That being said, after that opening sequence Finding Dory takes a while to differentiate itself from its predecessor. We pick up with Merlin, Nemo and Dory a year after the events of Finding Nemo, and they’ve become a makeshift family. Merlin’s the same concerned father as before, his naturally protective impulses now divided between Nemo and Dory. The latter two go to the same school together, although on certain days the teacher can’t handle the workload of looking after all the little fishes AND attending to Dory’s special needs, most specifically making sure she doesn’t swim away, forget everything and get lost.
The plot – in response to certain trigger words and sights, Dory starts to remember her parents and is desperate to find them – kicks in quickly, but it’s initially just another road trip story, with cameos from Nemo favorites like the surfer dude turtles. Dory’s all impulse and forward-movement; Merlin’s all nervousness and chasing after Dory to make sure she doesn’t get hurt. The new wrinkle this time: Nemo is with them, pushing his dad to ease up on his over-protective ways.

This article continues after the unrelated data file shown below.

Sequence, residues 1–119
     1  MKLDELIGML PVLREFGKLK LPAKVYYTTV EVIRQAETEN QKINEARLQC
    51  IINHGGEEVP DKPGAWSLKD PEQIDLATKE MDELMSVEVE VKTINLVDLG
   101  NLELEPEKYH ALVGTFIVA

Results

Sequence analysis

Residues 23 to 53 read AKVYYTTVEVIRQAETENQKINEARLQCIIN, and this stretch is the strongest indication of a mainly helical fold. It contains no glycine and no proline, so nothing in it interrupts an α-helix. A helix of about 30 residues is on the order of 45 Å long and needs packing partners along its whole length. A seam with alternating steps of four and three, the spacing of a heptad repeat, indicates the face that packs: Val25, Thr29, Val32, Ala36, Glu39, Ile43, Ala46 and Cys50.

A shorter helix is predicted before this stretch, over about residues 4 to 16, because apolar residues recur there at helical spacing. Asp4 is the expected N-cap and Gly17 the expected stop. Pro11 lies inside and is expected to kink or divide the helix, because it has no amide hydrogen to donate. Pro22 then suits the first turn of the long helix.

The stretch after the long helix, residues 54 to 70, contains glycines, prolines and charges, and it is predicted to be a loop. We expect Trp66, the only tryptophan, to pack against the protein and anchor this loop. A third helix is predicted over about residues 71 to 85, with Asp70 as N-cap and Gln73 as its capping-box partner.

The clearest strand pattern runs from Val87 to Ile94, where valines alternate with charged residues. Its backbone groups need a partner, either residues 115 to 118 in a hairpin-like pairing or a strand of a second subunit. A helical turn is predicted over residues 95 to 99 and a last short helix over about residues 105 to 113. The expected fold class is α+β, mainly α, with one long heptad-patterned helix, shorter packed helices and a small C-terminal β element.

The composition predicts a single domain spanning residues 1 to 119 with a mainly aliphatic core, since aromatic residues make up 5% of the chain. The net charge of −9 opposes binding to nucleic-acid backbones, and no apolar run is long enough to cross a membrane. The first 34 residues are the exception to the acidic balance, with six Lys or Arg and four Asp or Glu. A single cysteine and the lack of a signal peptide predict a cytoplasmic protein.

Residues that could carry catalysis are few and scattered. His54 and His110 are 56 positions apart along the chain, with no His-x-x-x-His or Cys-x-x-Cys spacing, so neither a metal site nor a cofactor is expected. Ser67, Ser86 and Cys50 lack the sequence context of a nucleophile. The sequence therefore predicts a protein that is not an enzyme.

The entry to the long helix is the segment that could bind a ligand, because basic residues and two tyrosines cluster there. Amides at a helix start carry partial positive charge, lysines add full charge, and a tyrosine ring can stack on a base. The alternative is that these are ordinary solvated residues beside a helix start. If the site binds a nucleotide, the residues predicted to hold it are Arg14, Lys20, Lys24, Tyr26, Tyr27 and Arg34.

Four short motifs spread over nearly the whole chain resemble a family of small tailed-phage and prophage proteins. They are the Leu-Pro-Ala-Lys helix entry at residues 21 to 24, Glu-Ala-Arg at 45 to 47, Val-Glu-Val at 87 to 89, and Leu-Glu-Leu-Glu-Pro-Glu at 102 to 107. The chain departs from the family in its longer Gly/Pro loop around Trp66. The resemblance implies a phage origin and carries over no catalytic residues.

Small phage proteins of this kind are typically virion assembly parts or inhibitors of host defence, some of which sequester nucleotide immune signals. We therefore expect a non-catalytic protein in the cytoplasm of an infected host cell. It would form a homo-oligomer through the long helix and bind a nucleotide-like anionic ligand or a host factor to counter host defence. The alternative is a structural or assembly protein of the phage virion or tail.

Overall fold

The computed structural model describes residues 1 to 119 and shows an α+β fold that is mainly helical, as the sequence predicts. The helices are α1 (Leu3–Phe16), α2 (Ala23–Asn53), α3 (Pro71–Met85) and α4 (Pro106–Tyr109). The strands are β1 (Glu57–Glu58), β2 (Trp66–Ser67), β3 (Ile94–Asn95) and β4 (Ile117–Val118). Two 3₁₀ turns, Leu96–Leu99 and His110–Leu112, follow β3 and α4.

Once the trio is separated, Finding Dory starts to feel a bit more like its own movie. Dory ends up in the Marine Life Institute, a fish and ocean life conservatory, where she forges compelling new friendships with a group characters who suffer similar central flaws. Hank (Ed O’Neil) is a surly octopus whose lost one of his tentacles and wants to hide away in a fish tank for the rest of his life. Destiny (Kaitlin Olson) is a giant whale who can’t see very well and constantly bumps into the walls in her exhibit. Bailey is a beluga whale short on self-confidence, certain that an accident has left him incapable of utilizing his sonar abilities. Meanwhile, Merlin and Nemo try to find a way into the Institute, and encounter several funny new characters along the way.